Four Alberta bike trails for vivid fall views


As summer turns to fall, many of us start thinking about winter adventures, and rightly so. But just because the days are shorter and the temps have dipped doesn’t mean you have to put that mountain bike into hibernation just yet. 

I absolutely love summer but autumn might be my favourite time to ride. The summer crowds have typically thinned out, the cooler temperature is more conducive to climbing, the insects have disappeared and the fall colours are spectacular. 

So let's jump in the saddle with some fall biking tips and trail recommendations for central Alberta and the Rockies.

mountain biking West Bragg Creek (Telephone)
Photo: Tyler Dixon
Telephone Trail in West Bragg Creek, one of central Alberta's most popular biking areas.
Bring layers for cool weather

Mountain weather can change rapidly, so that coupled with already chillier temperatures means you’ll want to bring additional layers. Personally, I like to add a wind/waterproof shell to my pack, as well as a thin toque that fits under my helmet and a Buff.

Pack a handlebar light or headlamp 

After the summer solstice the days begin to get shorter. For those after-work or evening rides, you’ll now have less available daylight so bringing a light for your handlebars and maybe even one that attaches to your helmet is a great idea. You’ll be very thankful you have them if you’re delayed on the trail for any reason and you lose that daylight.


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Wear bright clothes 

Autumn is also the kickoff to hunting season. Many trail networks share access points for multiple user groups including hunters. Obviously, hunters have a responsibility to operate firearms in a safe manner, but we can help prevent incidents by wearing bright colours and making noise (works great to reduce bear encounters too). 

If you regularly ride with your four-legged friend, consider putting a bandana around their neck so they look less like a wild dog.

Four great fall biking trails in Alberta 

Now that your mindset has shifted to autumn riding, where are the best places to go? In all honesty, your favourite summer trails are just as amazing in the fall, but if you’re looking for that vivid pop of colour you’ll want to check out the following trails in the Calgary area or a short drive away.

Fish Creek Provincial Park 

Located in south Calgary, Fish Creek features over 100-kilometres of trails of varying difficulty.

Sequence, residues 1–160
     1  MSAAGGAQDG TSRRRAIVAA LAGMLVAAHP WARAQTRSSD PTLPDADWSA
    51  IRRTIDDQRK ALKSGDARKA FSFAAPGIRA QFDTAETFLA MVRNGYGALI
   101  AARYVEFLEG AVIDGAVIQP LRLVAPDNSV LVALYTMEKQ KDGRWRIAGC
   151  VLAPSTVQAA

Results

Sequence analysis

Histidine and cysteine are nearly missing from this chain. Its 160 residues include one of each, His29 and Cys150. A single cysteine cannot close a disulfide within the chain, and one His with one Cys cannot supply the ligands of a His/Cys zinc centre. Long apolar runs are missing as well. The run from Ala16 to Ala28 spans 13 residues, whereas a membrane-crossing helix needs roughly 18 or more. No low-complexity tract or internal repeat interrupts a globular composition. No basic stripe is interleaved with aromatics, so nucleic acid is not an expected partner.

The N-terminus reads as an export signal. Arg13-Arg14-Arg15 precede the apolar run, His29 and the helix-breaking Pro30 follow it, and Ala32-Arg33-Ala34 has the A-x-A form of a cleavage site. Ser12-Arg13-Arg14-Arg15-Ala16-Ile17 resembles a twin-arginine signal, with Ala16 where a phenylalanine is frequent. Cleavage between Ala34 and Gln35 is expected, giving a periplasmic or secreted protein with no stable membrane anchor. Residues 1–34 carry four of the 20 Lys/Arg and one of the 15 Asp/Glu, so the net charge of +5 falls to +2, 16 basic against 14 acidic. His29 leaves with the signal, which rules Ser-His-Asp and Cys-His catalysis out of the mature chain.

The east side of Macleod Trail has more of a cross-country feel to it, while the west side of the park features steeper hills and is more mountain-like. The park features mixed forest where the poplar and aspen trees turn a bright golden colour which provide a sharp contrast to the always-green conifers.

West Bragg Creek
mountain biking West Bragg Creek
Photo: Tyler Dixon
Long Distance trail in West Bragg Creek.

One of the most popular trail networks in the province, and for good reason. It boasts more than 160-kilometres of trails that range from beginner to expert. 

Try the hugely popular Merlin View or opt for a quieter loop, that also features vibrant fall colours, by riding the Long Distance and Telephone loop.

High Rockies Trail

Traversing the entire length of the Spray Valley, the High Rockies Trail currently ends at Elk Pass on the Alberta/BC border. It is machine built and is part of the Trans Canada Trail network. 

Although much of this trail is under a dense conifer forest, it does provide some spectacular views of the surrounding peaks and the Spray Lakes. 

This trail has multiple access points, crosses the popular Blackshale Suspension Bridge, and passes known Larch hot-spots such as Chester Lake and Buller Pass, however those trails are closed to cyclists.

Minnewanka Shoreline Trail
mountain biking Banff Alberta Minnewanka Trail
Photo: Tyler Dixon
View from the Warden Cabin turnaround on the Minnewanka Shoreline Trail.

Only open seasonally after Sept 15, the Minnewanka Shoreline Trail in Banff National Park is another stunning autumn ride. 

This trail is under seasonal restrictions from Parks Canada, meaning it’s closed to cyclists from July 10 to September 15 annually.

It's almost 30-kilometres one way, but the most popular turnaround spot is at the Warden Cabin at about the 15-kilometre mark. It climbs steeply after the Stewart Canyon bridge before becoming rolling singletrack. 

This is also prime Grizzly habitat, so like all rides in bear country be sure to carry bear spray and know how to use it. 

Unfortunately, the autumn season is much too fleeting in this part of the country as winter’s icy grip begins to take hold earlier than I’d prefer. All the more reason to get out there and make the most of this glorious riding season. See you on the trails!

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